Appeals court invalidates foreign corporation ownership regs.
The D.C. Circuit Court of Appeals reversed a Tax Court decision and held that the regulations promulgated in T.D. 9087, prohibiting consideration of bearer shares in determining a foreign corporation’s ownership for purposes of establishing whether the foreign corporation is entitled to the benefits of Sec. 883(a)(1) permitting certain gross income to be exempt from U.S. taxation, are an unreasonable interpretation of the Code. Good Fortune Shipping SA, No. 17-1160 (D.C. Cir. 7/27/18).
Chief Counsel defines when a jeopardy levy can occur
The Chief Counsel explained the four instances in which a jeopardy levy can occur even when there has been no jeopardy or termination assessment. The Chief Counsel also described the conditions under which a collection is in jeopardy: (1) the taxpayer is or appears to be designing to leave the United States or to conceal himself or herself; (2) the taxpayer is or appears to be designing to hide, transfer, conceal, or dissipate his or her assets; (3) the taxpayer's financial solvency appears to be imperiled; or (4) an individual physically possesses cash or its equivalent exceeding $10,000 who does not claim ownership or that it belongs to another person whose identity can be readily ascertained and who acknowledges ownership. CCA 201830013 (7/27/18).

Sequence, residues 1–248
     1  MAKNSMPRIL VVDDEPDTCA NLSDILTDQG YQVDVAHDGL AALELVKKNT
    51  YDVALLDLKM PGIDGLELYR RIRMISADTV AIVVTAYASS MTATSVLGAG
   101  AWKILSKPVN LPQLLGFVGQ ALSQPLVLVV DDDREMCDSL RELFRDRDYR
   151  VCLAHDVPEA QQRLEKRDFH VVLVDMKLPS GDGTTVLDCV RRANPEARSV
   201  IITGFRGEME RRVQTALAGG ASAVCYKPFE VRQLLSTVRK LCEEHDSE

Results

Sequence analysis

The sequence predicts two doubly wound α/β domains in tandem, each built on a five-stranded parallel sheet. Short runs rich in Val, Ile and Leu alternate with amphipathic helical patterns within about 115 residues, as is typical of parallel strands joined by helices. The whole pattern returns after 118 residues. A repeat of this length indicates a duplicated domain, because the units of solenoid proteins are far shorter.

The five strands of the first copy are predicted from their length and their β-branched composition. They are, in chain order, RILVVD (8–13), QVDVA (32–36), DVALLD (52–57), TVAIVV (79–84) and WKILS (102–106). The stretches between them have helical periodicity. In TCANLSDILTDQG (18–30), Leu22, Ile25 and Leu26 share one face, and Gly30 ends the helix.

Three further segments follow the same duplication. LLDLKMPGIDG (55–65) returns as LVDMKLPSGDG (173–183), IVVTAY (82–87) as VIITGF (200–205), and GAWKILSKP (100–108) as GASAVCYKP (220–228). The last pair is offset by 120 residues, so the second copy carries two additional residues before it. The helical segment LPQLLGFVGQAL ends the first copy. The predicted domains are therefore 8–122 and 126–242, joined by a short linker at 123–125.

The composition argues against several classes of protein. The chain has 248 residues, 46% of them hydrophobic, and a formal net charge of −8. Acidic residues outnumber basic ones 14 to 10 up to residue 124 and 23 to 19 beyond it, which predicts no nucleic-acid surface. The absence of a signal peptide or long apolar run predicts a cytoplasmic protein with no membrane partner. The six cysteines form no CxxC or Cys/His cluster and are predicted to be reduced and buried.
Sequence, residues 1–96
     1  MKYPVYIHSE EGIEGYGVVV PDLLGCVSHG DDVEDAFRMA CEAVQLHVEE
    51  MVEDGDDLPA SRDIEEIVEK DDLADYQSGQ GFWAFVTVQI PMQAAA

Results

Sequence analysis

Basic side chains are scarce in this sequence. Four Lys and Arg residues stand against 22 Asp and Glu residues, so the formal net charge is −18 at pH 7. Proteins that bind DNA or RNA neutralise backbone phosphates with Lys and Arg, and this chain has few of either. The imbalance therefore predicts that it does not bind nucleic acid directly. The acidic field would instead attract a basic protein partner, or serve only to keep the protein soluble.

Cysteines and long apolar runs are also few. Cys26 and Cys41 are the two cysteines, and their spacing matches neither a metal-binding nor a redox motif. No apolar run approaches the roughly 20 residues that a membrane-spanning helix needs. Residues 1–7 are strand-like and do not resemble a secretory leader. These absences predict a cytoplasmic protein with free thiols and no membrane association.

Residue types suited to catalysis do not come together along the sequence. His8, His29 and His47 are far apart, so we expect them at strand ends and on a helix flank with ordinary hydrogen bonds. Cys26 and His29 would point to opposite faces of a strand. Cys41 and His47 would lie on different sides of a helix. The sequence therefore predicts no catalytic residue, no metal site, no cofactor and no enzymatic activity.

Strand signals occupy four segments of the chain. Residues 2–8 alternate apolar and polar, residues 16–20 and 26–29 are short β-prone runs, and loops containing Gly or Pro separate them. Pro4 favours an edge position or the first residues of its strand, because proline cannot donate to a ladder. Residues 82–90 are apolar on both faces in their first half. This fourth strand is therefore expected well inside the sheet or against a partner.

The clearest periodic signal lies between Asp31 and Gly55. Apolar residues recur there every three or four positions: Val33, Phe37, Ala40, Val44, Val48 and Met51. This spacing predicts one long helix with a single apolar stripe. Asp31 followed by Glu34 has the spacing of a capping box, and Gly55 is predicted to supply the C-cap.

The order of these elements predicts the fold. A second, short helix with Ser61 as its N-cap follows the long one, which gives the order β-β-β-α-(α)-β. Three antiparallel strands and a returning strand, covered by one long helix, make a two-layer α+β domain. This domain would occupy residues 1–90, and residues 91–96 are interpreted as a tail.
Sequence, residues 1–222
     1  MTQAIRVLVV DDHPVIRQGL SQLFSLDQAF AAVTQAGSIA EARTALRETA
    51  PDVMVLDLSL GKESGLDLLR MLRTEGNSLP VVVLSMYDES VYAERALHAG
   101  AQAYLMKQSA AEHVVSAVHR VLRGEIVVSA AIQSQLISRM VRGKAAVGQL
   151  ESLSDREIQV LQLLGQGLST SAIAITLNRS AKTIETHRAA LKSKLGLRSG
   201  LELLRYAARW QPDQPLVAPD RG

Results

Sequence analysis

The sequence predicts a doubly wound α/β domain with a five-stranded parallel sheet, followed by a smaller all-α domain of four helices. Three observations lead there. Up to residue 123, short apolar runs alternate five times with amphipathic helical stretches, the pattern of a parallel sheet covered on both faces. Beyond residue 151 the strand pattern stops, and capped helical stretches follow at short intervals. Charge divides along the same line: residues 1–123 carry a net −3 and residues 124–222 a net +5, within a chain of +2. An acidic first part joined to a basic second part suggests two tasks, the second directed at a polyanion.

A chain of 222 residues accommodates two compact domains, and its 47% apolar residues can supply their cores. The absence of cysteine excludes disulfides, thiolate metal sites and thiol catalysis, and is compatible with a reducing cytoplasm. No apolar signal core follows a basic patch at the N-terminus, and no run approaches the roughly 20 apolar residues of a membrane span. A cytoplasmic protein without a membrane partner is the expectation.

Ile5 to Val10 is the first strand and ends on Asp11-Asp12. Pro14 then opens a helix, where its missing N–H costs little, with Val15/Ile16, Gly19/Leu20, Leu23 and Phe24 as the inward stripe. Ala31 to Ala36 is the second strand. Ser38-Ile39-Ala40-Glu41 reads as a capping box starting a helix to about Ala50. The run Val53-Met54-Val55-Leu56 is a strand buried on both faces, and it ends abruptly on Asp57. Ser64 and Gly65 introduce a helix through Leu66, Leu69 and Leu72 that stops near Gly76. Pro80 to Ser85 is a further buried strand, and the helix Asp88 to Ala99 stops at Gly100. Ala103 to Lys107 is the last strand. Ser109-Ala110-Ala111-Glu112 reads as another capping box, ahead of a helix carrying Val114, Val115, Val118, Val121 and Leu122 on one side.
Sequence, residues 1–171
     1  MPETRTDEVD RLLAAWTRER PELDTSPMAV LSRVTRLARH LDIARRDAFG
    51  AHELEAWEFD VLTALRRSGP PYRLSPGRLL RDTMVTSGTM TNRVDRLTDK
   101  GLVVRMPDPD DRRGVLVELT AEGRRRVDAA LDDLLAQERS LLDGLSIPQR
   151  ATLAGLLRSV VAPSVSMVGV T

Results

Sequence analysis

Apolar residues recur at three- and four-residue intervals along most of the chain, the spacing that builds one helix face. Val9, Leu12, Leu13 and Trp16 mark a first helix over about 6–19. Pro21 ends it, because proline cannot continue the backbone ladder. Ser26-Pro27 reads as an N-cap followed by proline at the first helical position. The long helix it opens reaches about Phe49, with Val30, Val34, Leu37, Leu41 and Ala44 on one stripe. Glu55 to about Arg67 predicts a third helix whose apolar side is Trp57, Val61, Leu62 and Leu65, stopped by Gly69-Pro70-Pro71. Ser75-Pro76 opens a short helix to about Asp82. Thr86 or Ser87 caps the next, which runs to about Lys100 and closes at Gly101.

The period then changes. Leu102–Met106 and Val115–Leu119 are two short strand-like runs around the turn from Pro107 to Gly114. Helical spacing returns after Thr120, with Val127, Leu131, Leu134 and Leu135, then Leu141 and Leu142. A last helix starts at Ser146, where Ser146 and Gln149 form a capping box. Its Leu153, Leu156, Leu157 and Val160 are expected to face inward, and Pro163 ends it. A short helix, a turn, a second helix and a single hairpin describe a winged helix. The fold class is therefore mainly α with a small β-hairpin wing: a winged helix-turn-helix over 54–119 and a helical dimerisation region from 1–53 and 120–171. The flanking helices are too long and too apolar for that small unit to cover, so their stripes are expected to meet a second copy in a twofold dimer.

Extended limitation period in son-of-boss case covered partnership items
Partners’ consent in a son-of-boss (bond option sales strategy) case to extend the statute of limitation on their individual returns for the tax year ending Dec. 31, 2000, included partnership items, even though the partnership’s short tax year ended Dec. 19, 2000, the Tax Court held. Inman Partners, T.C. Memo. 2018-114 (7/23/18).
Investment banker’s time estimate does not satisfy success-based fee documentation requirement
Because the taxpayer had been acquired in an acquisition to which Regs. Sec. 1.263(a)-5 applied, it was required to capitalize the costs incurred to facilitate the transaction, except to the extent it maintained sufficient documentation to prove that a portion of the fee was allocable to activities that did not facilitate the transaction. The taxpayer deducted 92% of the investment banker’s fees, based on an estimate the banker provided, and did not elect safe harbor treatment under Rev. Proc. 2011-29. The Chief Counsel determined that the documentation the taxpayer provided was insufficient, and, as a result, 100% of the fee had to be capitalized. CCA 201830011 (7/27/18).
Business meal deductions after the TCJA
This article discusses the history of the deduction of business meal expenses and the new rules under the TCJA and the regulations and provides a framework for documenting and substantiating the deduction.
Quirks spurred by COVID-19 tax relief
This article discusses some procedural and administrative quirks that have emerged with the new tax legislative, regulatory, and procedural guidance related to COVID-19.